Glam packer

-Staying in private rooms or guesthouses

– Most meals are in relatively cheap restaurants. You still choose the countries cuisine because they’re the lowest prices (and you still look at the menu for prices before you enter)

– Drinking in places with happy hours and BOGOF deals, ordering vodka on the odd occasion. Not drinking every night

– Cheapest forms of travel with the odd upgrade here and there if its only  few extra pound

-Create you tours by yourself using research, but taking 1 or 2 company tours if they’re really cool

-Walk most of the time, with the odd tuk tuk here and there, but barter of course

Holiday maker

-Staying in hotels

-Meals in restaurants, eating what you want

-Drink to get drunk on any drink you choose. Maybe even a bottle? It’s only 30 quid.

-Taxis and tours all the way – who exercises on holiday?

Favourite Ho Chi Minh drinking hubs

We went to a fair few bars in Ho Chi Minh but here are my 3 favourites! 

The view hotel bar A very cool 8th floor bar on the main strip with surprisingly inexpensive beer.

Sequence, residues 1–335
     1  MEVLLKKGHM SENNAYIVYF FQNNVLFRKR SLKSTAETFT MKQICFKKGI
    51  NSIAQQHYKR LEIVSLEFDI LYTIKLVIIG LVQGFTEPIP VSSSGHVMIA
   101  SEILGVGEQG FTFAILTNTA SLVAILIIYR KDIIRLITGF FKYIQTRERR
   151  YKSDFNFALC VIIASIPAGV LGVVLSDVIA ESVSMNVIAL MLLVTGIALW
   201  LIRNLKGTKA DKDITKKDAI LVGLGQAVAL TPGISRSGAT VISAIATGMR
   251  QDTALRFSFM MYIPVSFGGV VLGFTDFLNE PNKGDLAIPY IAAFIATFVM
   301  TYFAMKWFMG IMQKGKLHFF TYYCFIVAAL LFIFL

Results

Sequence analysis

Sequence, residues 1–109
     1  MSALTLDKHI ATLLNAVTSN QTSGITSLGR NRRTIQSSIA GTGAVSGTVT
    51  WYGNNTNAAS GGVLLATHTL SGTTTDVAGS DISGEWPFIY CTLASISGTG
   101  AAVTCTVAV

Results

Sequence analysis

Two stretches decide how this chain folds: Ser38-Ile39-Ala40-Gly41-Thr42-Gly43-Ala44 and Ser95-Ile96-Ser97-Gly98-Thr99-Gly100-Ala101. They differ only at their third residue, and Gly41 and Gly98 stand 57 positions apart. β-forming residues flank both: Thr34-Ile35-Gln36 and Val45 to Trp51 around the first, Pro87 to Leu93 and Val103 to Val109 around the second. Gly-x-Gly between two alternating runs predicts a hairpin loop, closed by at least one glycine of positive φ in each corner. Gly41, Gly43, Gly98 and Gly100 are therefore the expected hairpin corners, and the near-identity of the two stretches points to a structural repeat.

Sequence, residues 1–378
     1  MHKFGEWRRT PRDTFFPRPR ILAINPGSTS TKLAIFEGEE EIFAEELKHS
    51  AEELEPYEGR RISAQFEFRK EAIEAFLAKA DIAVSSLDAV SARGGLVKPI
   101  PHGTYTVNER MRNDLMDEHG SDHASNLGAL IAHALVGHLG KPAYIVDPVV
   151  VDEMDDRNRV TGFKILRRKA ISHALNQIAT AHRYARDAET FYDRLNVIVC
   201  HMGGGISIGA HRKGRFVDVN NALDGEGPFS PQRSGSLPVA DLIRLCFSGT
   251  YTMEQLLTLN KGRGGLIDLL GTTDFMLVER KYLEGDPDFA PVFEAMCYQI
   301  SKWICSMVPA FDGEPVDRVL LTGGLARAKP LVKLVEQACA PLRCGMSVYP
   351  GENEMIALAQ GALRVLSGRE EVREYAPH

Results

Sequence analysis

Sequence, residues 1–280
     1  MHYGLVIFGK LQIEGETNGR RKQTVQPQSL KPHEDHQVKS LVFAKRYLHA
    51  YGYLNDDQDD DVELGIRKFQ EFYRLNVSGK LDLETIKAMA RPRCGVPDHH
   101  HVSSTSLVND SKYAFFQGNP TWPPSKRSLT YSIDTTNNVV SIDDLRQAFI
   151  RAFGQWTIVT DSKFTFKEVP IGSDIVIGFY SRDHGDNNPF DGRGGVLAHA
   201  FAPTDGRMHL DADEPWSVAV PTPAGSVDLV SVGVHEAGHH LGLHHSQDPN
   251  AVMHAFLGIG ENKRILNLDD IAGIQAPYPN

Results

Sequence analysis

333 beer at 20,000 dong? That’s traveller prices in a roof top bar which was highly unexpected. Or why not have a giant Tiger for a mere 50p extra. 

This place has a super relaxed atmosphere, pretty lights, lovely scenery and an OK view of the city. I’m sure you can find better views in sky bar or other rooftops but this is well worth a drink. 

Guess what, it even had a swing!

Donkey bar

  Although the prices here aren’t very traveller friendly (unless you buy 3 drinks for the price of 2 or again.. drink beer), it’s well worth a stop. The bar is situated over 3 floors and include foozeball, darts and pool tables making it a super fun place to hang out.   

Both of these bars are located on the very long ‘Bui Vien Street’ which is a strip of bars, hotels and restaurants 


 One for those with sports obsessed boyfriends.

This is a sports bar with the added luxury of a really good singer who performs there every other night, keeping us girls occupied while the boys shout at the tv. 

This ones around the other side.

What’s your favourite bar in Saigon – or which one of these looks like one you’d most enjoy?

LwL X 

Guide to the Gilis

Gili Islands = paradise. They are my favourite place of my whole travelling experience, and a great place to end the phenomenal journey I’ve been on.

Gili T: the ‘party’ place